Ms Ngele (ANC) from the Portfolio Committee on Transport, stated that there was a difference between planning and implementation and she was concerned that there was little implementation. There was also the matter of escalators when accessing the Gautrain. There was no other means to navigate the stations other than escalators especially at Malboro Station. PRASA had said a great deal about what they were going to do but now things needed to be done.

Mr Mokonyama replied that this was a transfer station and there was no need to rush as there would be another train within five minutes. It was not designed for people to rush onto the waiting train.

Mr D Kenana (ANC) saidthe White Paper for Disability had come and gone and the United Nations had declared South Africa as having the worst conditions for people with disability in the world. This had taken into account poverty, living conditions, working conditions and the like. It seemed as if South Africa was still in the planning stage. A great number of people could not grasp employment opportunities due to transport challenges. It would be nice if the implementation was fast tracked.

The Acting Chairperson said that with PRASA one could witness movement in terms of projects. However the Department still seemed to be at the planning stage and there were no time frames and there was no indication as to how long it would take. She argued that even though PRASA was still planning there were simple things that could be done in the mean time. These included awareness campaigns for communities about what the Department intended to do.

Mr Mokonyama replied that the remaining slides spoke to hard evidence of real initiatives. The Bus Rapid Transit lines were accessible. The entrance onto the bus and the platform were the same level and there was space at the back of the buses for wheel chairs and sound information systems for those with hearing impediments, amongst other things. The real issue was that of cost. These systems had a life span of around five years. It was also dependant on the amount of money coming in. If the money came in at the pace it currently did then it would take longer to roll out the phases. The government needed to come in, in terms of support. There was a Transformation Plan that was coming and the type of vehicle would be dictated by the volume and the distance.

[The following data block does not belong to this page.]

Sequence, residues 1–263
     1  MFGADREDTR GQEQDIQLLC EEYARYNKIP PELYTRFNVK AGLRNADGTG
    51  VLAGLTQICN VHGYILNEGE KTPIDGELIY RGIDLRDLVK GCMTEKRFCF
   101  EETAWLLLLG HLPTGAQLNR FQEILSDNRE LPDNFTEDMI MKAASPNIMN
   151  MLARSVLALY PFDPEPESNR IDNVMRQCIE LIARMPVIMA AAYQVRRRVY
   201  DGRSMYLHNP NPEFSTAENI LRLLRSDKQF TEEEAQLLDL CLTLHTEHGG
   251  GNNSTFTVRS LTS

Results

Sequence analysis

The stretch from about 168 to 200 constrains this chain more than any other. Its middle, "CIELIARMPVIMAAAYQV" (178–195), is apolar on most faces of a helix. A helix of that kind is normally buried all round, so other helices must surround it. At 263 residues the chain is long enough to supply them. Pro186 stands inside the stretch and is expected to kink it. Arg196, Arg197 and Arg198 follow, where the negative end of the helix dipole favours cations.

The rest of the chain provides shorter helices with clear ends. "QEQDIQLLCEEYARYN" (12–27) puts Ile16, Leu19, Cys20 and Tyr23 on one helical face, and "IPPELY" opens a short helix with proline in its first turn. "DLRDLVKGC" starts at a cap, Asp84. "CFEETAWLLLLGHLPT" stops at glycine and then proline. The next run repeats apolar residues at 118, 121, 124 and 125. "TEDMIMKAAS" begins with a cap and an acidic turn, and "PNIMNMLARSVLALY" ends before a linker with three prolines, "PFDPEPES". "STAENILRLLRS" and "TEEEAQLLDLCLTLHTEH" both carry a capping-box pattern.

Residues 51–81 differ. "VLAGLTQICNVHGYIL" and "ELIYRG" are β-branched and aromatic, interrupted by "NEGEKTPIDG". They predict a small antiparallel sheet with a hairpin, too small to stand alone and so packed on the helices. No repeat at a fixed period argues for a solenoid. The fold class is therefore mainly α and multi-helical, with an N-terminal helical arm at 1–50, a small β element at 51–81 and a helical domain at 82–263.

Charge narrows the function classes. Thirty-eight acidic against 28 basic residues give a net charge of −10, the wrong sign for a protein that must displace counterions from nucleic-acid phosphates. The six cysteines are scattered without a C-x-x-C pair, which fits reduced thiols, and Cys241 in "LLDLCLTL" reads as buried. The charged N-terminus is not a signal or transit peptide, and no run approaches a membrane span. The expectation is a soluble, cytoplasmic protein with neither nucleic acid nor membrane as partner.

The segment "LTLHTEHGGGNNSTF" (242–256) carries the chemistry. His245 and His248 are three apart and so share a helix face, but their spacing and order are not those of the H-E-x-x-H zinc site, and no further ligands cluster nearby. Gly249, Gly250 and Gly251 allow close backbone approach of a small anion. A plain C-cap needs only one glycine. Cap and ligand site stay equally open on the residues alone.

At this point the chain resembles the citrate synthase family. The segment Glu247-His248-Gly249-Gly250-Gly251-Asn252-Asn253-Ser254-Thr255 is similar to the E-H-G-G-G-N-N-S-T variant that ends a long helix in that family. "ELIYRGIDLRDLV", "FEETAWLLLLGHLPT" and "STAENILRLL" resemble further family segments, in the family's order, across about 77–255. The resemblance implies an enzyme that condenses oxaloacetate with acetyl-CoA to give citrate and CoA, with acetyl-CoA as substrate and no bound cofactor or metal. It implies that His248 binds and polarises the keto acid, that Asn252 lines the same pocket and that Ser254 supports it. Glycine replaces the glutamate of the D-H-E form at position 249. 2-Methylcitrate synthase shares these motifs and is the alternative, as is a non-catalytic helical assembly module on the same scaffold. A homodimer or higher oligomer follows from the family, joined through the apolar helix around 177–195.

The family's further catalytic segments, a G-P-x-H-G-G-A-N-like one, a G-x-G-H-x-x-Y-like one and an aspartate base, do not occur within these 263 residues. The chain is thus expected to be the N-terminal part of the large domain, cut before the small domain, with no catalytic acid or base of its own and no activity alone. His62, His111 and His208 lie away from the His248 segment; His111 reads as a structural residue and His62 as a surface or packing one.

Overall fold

Monitoring and tracking
The Acting Chairperson asked if there were any mechanisms that tracked how many people were being discriminated against? It was not clear as to how the Department was getting in touch with the man on the street. They seemed to be inaccessible to these people.

Employment of disabled persons
Ms G Tseke (ANC) asked what information could be given by the Department of Transport on the number of people with disabilities employed within the Department of Transport? What were their levels of employment, were they in senior positions or in the lower ranks?

Mr Mokonyama replied that the Department had been at a target of 2% but with the restructuring, it was down to 1.9%. They hoped the vacancies that were there would take the Department of Transport back to the minimum requirements.

Ms Hellen Mnguni, DOT Director: